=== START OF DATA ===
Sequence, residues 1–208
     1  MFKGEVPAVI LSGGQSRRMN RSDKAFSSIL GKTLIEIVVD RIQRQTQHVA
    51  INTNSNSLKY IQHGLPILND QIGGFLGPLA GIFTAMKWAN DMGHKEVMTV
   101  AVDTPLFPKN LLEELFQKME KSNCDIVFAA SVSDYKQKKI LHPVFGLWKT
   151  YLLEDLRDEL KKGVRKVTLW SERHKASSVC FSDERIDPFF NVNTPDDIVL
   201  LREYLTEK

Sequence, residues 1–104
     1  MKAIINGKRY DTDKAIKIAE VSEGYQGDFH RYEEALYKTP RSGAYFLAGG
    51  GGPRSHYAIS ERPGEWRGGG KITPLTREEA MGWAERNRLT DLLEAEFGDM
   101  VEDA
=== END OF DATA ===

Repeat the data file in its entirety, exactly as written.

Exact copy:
Sequence, residues 1–208
     1  MFKGEVPAVI LSGGQSRRMN RSDKAFSSIL GKTLIEIVVD RIQRQTQHVA
    51  INTNSNSLKY IQHGLPILND QIGGFLGPLA GIFTAMKWAN DMGHKEVMTV
   101  AVDTPLFPKN LLEELFQKME KSNCDIVFAA SVSDYKQKKI LHPVFGLWKT
   151  YLLEDLRDEL KKGVRKVTLW SERHKASSVC FSDERIDPFF NVNTPDDIVL
   201  LREYLTEK

Sequence, residues 1–104
     1  MKAIINGKRY DTDKAIKIAE VSEGYQGDFH RYEEALYKTP RSGAYFLAGG
    51  GGPRSHYAIS ERPGEWRGGG KITPLTREEA MGWAERNRLT DLLEAEFGDM
   101  VEDA